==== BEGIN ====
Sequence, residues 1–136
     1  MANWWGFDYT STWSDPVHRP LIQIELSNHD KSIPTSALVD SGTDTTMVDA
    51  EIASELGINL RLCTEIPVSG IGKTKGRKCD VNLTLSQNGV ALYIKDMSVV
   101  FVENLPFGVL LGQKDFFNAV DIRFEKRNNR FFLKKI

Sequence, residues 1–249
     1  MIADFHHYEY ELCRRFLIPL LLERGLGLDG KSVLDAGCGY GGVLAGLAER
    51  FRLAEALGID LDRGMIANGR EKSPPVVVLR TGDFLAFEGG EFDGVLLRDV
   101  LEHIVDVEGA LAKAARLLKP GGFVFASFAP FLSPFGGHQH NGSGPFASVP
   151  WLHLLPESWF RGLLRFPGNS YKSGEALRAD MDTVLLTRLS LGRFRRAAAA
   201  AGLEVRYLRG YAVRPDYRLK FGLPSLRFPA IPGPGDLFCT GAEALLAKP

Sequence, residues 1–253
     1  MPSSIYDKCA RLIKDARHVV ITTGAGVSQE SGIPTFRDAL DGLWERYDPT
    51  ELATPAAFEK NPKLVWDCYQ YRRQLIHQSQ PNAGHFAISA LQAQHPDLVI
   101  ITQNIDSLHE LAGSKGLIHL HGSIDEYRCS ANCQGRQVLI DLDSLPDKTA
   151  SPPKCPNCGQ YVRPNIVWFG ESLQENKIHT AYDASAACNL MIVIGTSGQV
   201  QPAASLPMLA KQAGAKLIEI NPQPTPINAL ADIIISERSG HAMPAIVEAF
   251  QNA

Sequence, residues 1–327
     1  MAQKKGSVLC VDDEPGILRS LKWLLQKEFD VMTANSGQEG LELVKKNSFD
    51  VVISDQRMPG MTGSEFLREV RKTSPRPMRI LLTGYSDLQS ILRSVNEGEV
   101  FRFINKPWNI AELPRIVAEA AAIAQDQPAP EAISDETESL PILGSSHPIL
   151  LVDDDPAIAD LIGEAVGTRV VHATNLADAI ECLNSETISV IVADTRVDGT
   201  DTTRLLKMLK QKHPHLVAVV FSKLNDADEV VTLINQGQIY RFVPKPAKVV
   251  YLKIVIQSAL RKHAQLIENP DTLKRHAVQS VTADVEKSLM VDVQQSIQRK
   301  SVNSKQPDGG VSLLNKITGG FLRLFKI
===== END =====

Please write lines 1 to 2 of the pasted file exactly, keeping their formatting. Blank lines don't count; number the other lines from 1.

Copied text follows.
Sequence, residues 1–136
     1  MANWWGFDYT STWSDPVHRP LIQIELSNHD KSIPTSALVD SGTDTTMVDA